|A child in rural Mongolia receiving medical care in rural Mongolia ©UNICEF/NYHQ2010-0448/Cullen|
Today is world pneumonia day. Globally pneumonia is the largest infectious killer of children under five. In 2012 pneumonia killed 1.1 million children under five, or 5,500 children every day, or one child every 15 seconds. Nearly all of these deaths occurred in developing countries.
In Mongolia, pneumonia is the second largest cause of death in children under five. It accounts for 15 per cent of under-five mortality across the country, or the lives of over 900 children every year. However, in rural and remote areas and amongst poor families, children are at a higher risk.
Pneumonia is caused by a bacteria. People are more vulnerable to it if they have weakened immune systems, because of malnutrition or disease. And this is especially true for children, who are already more vulnerable than adults.
The real tragedy is that pneumonia can be prevented and cured. If caught early and treatment is sought, there is a very high recovery rate, with no permanent health repercussions.
If it can be prevented and cured, why do so many children in Mongolia die from pneumonia each year?
UNICEF, in collaboration with the Ministry of Health, recently carried out extensive research on children and pneumonia. And the findings were clear - parents and caregivers did not know what to do to prevent pneumonia, how to identify the symptoms of the disease and that they needed to seek treatment as early as possible.
This information means we know what we need to do.
Currently the focus on pneumonia is on treatment. This needs to change to prevention and protection. Key to achieving this are parents and caregivers. They are the people who can make sure that their children are vaccinated, ensure good nutrition and promote good hygiene practices, which protect and prevent pneumonia.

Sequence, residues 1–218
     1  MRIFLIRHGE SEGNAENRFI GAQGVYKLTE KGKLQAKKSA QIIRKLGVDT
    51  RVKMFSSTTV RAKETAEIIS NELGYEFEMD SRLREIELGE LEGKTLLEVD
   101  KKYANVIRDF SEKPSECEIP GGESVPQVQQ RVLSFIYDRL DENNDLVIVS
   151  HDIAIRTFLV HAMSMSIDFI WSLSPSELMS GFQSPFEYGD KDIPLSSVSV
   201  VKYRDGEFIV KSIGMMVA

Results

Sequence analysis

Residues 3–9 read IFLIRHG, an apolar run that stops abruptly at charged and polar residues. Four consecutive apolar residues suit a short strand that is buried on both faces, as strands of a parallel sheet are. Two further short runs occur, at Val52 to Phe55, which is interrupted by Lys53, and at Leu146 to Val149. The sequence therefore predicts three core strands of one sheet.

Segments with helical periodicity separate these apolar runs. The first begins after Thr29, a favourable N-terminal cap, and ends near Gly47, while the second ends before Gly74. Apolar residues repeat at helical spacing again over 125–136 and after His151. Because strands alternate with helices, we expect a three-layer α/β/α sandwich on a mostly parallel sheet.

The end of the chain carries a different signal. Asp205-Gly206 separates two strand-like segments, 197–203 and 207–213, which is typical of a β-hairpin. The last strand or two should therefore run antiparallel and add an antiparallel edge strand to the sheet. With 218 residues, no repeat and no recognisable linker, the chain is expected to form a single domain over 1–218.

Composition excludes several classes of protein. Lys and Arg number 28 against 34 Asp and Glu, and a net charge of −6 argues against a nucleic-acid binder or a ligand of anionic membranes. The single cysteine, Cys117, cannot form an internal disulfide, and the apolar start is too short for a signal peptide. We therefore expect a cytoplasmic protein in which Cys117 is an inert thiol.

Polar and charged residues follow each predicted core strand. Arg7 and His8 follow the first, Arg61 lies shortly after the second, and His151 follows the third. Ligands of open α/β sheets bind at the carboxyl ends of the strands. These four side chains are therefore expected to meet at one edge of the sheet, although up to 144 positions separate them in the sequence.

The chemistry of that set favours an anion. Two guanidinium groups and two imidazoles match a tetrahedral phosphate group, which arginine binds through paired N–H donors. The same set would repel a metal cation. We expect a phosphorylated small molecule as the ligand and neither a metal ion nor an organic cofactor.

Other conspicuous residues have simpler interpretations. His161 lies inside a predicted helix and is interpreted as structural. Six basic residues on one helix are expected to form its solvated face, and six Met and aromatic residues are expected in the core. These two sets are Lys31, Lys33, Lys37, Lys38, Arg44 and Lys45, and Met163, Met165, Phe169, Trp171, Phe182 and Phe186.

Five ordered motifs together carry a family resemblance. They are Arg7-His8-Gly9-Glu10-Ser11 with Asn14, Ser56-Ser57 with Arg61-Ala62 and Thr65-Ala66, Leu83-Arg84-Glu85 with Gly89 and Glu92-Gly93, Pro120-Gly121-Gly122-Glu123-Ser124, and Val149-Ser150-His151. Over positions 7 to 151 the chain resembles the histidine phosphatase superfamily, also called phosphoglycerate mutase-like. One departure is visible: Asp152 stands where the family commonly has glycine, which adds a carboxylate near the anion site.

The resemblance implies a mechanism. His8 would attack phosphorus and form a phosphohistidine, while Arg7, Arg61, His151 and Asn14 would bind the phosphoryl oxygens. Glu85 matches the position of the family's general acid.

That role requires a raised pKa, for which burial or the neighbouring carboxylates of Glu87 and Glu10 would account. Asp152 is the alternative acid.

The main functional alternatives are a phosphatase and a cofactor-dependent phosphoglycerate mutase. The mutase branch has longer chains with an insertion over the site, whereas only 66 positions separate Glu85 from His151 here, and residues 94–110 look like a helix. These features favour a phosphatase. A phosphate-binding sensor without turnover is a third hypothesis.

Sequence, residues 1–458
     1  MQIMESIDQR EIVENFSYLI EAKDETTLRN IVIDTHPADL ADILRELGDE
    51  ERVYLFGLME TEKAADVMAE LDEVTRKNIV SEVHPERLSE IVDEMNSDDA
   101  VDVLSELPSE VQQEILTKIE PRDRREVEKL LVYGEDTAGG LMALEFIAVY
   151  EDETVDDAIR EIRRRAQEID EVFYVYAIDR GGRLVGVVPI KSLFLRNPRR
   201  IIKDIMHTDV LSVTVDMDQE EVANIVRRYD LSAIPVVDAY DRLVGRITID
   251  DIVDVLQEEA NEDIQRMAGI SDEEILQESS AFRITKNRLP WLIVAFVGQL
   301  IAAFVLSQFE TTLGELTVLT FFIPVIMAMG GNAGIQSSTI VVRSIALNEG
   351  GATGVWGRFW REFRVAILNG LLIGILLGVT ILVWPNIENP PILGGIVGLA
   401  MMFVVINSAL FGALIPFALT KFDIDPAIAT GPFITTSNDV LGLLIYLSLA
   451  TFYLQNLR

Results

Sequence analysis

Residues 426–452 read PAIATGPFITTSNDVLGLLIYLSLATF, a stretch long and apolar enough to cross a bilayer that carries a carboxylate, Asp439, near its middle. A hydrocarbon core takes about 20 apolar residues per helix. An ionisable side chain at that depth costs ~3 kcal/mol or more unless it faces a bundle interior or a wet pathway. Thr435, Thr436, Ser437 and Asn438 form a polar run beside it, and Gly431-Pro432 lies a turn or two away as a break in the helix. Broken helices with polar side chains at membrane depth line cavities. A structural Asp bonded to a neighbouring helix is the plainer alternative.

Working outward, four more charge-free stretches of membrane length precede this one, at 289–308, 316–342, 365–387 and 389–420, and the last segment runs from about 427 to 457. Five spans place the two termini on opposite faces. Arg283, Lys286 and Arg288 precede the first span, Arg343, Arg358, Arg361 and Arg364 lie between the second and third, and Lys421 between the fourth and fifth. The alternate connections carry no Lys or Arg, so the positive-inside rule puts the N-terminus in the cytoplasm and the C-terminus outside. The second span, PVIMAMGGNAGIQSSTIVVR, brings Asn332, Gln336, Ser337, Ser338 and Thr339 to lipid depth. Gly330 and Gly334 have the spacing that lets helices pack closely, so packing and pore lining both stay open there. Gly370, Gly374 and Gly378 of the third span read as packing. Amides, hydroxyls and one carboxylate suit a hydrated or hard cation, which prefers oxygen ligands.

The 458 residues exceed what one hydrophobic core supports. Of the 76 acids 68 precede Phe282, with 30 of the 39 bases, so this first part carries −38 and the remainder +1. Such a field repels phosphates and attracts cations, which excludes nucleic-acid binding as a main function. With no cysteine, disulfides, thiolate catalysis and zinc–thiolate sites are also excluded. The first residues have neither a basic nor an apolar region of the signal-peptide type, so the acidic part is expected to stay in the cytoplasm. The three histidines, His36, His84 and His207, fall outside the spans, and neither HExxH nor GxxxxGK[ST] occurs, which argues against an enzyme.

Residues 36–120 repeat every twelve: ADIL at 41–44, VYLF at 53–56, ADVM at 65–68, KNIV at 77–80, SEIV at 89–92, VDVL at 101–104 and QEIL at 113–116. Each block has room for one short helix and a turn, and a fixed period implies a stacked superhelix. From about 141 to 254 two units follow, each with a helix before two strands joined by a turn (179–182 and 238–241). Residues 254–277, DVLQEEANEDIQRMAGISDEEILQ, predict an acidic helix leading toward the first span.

While these are vital, we need to make sure that they are achievable. For example, asking families to improve hygiene practices is only possible if they have access to hand washing and sanitation facilities. This means a greater investment in improving hygiene and sanitation facilities is needed.
Similarly we need to support good nutrition. Good nutrition helps build a child’s immune system. UNICEF recommends exclusive breastfeeding for the first six months of a child’s life, and then continued breastfeeding for the next 18 months with adequate complementary feeding, with, if necessary, additional micronutrient support. Again, families need to be able to access support to ensure their children are receiving adequate nutrition.
And lastly, vaccinations are important. Vaccinations against pneumococcus, Hib, pertussis and measles can prevent a significant proportion of pneumonia cases. Earlier this year Mongolia was certified measles free by the World Health Organization – a great achievement. But we are lagging behind on the other vaccinations, putting children at risk. Immunization is one of the most cost-effective investments that can be made to prevent pneumonia.
Parents and caregivers need to know what the symptoms are, and to seek medical advice early. If treated early, pneumonia can be cured, with no long term health impacts. Antibiotics can prevent the majority of pneumonia deaths. Moreover, they are cheap costing less than 50 cents per course of treatment.
Every year hundreds of thousands of children die unnecessarily from an easily preventable and curable disease. Globally efforts are being made to see zero child deaths from pneumonia by 2025. UNICEF is committed to achieving this goal worldwide, but also here in Mongolia. Achieving this will require a range of stakeholders from government, the international community, non-government organizations and civil society working together, making the elimination of pneumonia a priority and investing resources into achieving this. But it is possible to have no children in Mongolia dying from pneumonia by 2025 – it is up to us to make it a reality.
Surenchimeg Vanchinkhuu is the Health Specialist at UNICEF in Mongolia